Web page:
If DeVos is really hostile to higher education, she should double down on the liberal follies of the last 8 years.
One of Robert Conquest’s three laws of politics is that “The simplest way to explain the behavior of any bureaucratic organization is to assume that it is controlled by a cabal of its enemies.” Odd as this may sound, it seems to have pretty good predictive power. And President Obama’s Department of Education seems like a good example.
Higher education, after all, is one of the Democratic Party’s biggest sources of support: Financial (according to Open Secrets, 4 of the top 10 organizations furnishing donors to the Obama 2012 campaign were universities: The University of California was #1, ahead of Google, and the others were Harvard, Stanford and Columbia), ideological (faculties lean far-left and the lefty faculty members tend to be much more outspoken, on average, than the conservative or libertarian faculty), and grassroots, with students, faculty and administrators serving as foot-soldiers (sometimes with university funding) for Democratic candidates and causes. And as Case Western University law professor George Dent notes, “Most state colleges and universities now serve as political action committees for the left, and their political spending dwarfs that of all other PACs.”
So you’d expect the Obama Department of Education to be doing whatever it could to nurture, support, and protect colleges and universities. But instead, it seems to be acting almost as if it were controlled by . . . a cabal of its enemies.
For example, in the area of Title IX enforcement Obama’s Department of Education has taken a statute that simply reads: “No person in the United States shall, on the basis of sex, be excluded from participation in, be denied the benefits of, or be subjected to discrimination under any education program or activity receiving federal financial assistance,” and turned it into an Orwellian nightmare of what Harvard law professors Jacob Gersen and Jeannie Suk call "bureaucratic sex creep.”
As a new book by KC Johnson and Stuart Taylor, Jr., The Campus Rape Frenzy, makes clear, the results have been bad for victimized students (almost always male), but they’ve also been bad for colleges and universities, producing horrible publicity, a growing number of expensive lawsuits, and increased trouble recruiting male students for what is increasingly becoming a pink-collar higher education system. This “rape frenzy” wasn’t the product of anti-sex religious fundamentalists, but of hard-core gender-war feminists. And Obama has doubled down by, at the very last minute, appointing a new, hardline head for the Department of Education’s Office of Civil Rights, which oversees this debacle. She can be expected to double down, unless Trump replaces her.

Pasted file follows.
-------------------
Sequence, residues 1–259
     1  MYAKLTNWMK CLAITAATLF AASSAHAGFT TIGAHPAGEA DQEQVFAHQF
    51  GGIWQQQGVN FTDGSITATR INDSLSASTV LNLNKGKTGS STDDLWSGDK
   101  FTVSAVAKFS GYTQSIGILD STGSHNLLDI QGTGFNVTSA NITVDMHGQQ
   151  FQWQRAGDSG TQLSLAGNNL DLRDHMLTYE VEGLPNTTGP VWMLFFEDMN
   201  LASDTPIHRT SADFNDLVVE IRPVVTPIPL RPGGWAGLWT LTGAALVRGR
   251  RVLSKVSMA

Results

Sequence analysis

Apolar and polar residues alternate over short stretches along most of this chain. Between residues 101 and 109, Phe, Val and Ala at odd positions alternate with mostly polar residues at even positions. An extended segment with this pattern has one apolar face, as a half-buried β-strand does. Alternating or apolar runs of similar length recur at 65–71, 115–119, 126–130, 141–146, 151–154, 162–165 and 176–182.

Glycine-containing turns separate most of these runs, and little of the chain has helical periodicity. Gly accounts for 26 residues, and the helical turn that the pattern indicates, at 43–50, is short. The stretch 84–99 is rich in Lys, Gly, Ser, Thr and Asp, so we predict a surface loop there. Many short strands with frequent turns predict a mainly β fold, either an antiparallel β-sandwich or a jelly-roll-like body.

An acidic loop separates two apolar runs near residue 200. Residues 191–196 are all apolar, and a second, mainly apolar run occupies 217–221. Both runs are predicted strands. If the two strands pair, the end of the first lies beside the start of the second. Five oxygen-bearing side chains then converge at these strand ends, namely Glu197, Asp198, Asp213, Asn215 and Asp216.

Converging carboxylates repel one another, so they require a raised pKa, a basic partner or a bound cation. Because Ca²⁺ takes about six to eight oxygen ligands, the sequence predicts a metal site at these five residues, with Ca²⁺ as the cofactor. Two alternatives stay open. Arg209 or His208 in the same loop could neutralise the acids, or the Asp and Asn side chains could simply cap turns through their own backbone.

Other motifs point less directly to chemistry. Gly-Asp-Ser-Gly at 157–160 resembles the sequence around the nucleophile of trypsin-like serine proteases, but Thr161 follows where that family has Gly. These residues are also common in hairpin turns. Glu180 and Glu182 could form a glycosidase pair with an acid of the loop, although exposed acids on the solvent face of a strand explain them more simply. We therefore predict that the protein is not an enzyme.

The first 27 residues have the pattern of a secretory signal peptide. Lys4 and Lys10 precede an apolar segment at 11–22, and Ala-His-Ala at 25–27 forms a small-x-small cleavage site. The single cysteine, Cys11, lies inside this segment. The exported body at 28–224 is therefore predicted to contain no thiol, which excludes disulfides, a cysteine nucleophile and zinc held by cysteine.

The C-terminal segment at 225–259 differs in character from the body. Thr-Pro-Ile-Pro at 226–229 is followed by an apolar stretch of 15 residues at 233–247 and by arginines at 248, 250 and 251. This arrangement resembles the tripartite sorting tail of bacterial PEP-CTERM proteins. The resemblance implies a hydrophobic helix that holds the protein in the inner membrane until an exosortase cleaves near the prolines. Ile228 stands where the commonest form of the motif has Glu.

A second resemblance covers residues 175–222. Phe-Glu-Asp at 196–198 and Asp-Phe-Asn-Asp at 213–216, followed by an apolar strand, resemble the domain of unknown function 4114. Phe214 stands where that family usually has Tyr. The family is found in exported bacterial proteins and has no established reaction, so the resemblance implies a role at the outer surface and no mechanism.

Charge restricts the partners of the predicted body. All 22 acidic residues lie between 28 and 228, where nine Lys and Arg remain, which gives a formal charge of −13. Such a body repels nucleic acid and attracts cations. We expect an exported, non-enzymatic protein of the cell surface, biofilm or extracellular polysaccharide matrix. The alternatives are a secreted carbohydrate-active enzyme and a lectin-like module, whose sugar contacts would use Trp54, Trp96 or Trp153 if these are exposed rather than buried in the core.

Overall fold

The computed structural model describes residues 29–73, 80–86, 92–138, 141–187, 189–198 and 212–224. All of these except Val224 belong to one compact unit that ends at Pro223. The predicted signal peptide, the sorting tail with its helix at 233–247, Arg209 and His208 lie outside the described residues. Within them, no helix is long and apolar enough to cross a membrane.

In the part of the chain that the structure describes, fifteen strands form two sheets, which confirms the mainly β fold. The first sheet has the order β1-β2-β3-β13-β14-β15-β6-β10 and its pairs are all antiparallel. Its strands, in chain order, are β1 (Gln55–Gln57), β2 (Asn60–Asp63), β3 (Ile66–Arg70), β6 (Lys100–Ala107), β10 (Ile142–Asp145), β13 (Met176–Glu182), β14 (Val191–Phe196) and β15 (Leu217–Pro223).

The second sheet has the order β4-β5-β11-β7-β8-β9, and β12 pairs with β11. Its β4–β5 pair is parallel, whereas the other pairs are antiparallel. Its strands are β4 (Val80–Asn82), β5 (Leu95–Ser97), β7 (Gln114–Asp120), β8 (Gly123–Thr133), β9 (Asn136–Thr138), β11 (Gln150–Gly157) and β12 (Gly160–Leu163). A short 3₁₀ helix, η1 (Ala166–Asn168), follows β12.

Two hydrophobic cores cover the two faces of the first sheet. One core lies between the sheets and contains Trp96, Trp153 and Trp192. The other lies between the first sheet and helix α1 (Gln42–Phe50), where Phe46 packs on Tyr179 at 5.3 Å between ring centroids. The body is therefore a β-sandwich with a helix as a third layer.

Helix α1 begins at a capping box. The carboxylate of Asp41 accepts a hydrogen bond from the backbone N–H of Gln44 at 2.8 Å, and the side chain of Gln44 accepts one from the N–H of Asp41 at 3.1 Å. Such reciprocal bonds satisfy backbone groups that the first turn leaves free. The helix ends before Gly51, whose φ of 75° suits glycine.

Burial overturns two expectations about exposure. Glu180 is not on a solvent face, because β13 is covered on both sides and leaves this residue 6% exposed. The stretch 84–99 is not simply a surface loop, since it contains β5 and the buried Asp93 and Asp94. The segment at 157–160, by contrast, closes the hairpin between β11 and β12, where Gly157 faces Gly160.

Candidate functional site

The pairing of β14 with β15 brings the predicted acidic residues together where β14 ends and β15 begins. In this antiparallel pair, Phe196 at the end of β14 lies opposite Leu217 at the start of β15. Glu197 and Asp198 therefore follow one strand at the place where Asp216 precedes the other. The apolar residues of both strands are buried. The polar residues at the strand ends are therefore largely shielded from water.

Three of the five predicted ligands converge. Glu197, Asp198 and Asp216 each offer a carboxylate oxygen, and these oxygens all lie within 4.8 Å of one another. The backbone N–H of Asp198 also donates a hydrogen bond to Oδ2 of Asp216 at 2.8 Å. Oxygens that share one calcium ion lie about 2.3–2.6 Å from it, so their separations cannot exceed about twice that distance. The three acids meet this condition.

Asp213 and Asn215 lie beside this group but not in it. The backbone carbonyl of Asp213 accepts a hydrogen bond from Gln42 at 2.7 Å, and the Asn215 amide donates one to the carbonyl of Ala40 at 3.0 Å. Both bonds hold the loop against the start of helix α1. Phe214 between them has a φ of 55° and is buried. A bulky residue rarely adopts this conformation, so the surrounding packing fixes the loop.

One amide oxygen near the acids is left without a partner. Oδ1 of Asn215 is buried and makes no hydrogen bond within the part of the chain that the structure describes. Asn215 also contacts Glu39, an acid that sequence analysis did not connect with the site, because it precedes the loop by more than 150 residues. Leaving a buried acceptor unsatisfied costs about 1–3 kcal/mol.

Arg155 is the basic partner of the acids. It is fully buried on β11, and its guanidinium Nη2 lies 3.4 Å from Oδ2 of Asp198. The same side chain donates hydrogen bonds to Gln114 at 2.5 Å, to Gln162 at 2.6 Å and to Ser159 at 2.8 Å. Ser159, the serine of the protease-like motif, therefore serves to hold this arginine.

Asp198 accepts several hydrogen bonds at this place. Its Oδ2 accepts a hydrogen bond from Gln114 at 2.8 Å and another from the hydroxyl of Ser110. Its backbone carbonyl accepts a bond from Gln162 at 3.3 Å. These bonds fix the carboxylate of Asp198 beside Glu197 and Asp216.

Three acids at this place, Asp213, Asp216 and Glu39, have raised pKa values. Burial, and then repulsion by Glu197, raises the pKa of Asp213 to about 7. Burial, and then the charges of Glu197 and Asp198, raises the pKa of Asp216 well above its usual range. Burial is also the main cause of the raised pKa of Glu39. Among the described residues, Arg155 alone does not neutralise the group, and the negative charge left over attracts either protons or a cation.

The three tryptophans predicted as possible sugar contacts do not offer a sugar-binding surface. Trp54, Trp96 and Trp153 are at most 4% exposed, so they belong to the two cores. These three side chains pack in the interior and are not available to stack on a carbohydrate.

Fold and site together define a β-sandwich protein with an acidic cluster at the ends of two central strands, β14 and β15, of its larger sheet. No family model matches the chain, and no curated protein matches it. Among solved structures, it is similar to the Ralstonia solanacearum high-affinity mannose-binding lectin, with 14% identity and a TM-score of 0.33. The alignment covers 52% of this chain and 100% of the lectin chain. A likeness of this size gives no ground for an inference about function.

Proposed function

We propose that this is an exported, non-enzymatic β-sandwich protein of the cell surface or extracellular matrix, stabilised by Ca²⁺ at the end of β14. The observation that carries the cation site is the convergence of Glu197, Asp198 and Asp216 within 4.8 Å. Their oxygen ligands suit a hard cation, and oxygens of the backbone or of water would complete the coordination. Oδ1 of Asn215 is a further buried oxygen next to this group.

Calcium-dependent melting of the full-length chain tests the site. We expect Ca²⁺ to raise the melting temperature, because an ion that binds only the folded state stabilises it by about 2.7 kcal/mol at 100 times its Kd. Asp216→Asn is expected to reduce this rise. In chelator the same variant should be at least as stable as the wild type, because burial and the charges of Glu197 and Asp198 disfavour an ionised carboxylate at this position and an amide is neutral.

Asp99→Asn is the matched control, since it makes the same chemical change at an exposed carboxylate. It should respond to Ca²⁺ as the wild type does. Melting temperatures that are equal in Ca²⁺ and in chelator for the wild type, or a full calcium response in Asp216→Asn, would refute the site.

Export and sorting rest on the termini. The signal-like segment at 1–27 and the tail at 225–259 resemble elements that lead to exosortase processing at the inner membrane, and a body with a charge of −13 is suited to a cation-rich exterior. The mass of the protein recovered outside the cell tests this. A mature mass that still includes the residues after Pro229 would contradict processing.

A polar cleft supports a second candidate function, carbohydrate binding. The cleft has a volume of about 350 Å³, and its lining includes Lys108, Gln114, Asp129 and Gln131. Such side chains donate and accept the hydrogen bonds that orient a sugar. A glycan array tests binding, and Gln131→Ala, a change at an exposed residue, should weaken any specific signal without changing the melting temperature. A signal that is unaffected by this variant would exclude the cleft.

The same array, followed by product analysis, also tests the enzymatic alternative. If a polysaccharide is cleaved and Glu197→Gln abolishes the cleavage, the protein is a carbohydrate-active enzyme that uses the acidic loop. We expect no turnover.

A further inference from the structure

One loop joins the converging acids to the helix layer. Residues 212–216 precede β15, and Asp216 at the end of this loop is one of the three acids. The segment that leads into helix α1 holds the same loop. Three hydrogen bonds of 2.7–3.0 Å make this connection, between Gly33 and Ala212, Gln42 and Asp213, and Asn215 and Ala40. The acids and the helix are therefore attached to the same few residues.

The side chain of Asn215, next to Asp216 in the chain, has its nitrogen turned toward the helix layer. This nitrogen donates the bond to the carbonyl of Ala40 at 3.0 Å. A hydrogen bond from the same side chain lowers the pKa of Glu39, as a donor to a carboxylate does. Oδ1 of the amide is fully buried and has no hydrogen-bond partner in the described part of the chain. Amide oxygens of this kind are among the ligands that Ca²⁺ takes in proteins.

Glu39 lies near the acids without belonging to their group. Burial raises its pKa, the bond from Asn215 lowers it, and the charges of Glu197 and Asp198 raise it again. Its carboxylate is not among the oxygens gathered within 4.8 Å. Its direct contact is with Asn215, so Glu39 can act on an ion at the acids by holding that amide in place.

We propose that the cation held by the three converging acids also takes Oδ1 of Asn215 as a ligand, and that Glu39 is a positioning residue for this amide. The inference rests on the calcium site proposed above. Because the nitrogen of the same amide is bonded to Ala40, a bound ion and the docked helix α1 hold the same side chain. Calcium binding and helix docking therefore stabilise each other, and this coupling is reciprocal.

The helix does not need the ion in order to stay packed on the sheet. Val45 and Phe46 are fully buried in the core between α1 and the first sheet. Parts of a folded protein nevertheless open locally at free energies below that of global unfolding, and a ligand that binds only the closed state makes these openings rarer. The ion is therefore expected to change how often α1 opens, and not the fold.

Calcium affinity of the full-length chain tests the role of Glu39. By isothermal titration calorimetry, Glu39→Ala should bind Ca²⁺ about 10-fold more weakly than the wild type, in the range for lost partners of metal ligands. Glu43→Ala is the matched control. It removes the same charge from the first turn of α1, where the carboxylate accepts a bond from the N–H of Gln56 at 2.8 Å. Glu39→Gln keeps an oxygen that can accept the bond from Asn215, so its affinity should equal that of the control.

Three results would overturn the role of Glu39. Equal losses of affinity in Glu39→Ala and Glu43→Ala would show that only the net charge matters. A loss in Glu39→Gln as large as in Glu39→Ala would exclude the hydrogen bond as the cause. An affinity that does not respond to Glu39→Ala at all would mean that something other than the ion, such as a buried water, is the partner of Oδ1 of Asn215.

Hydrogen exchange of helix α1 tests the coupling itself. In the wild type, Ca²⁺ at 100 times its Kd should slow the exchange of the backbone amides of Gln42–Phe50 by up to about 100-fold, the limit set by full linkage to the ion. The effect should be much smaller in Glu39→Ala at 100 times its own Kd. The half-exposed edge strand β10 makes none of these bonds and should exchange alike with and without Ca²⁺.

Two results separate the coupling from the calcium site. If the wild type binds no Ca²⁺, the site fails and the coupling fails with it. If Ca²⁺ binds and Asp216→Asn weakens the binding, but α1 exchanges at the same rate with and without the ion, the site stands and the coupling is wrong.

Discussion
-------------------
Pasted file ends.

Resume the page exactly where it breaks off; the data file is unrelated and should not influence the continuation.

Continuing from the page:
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And, in many other ways, the Department of Education’s pro-diversity efforts have — entirely deliberately — fostered a climate of racial balkanization and division on campus. Again, the results have empowered a small number of student “activists” and administrators, but with destructive, and sometimes genuinely disastrous results. That's that case at the University of Missouri which has seen enrollments and donations plummet by astonishing amounts, genuinely disastrous results.
Most recently, the Department of Education struck the Charlotte School of Law off the eligibility list for federal student aid, because of its graduates’ low bar passage rate. That’s pretty much a death blow. But why Charlotte, and why now?
Well, there’s a good argument, as education expert George Leef notes in Forbes, that we have too many law schools and that we should thin the herd. But as another expert I discussed this with noted, there are probably ten or fifteen other law schools that are just as strong candidates for this treatment as Charlotte. Charlotte is a for-profit school, and the Obama administration has been notably hostile to for-profit education in general, but the precedent set here is just as applicable to traditional “nonprofit” schools, many of whom also have lousy records at having their students pass the bar and find gainful employment.
Much of the hoopla about Trump education nominee Betsy DeVos has involved her views on K-12 education, though some critics have, absurdly, complained that her donation to the Foundation for Individual Rights in Education, a civil liberties outfit that has, among other things, opposed the Title IX kangaroo sex courts on many campuses, is somehow disqualifying. The critics fear that she’ll reverse course on Obama’s education program.
But if DeVos is really hostile to higher education, she should probably just double down on these Obama policies. Because that would probably do more damage than anything she has in the works.
Glenn Harlan Reynolds, a University of Tennessee law professor and the author of The New School: How the Information Age Will Save American Education from Itself, is a member of USA TODAY's Board of Contributors.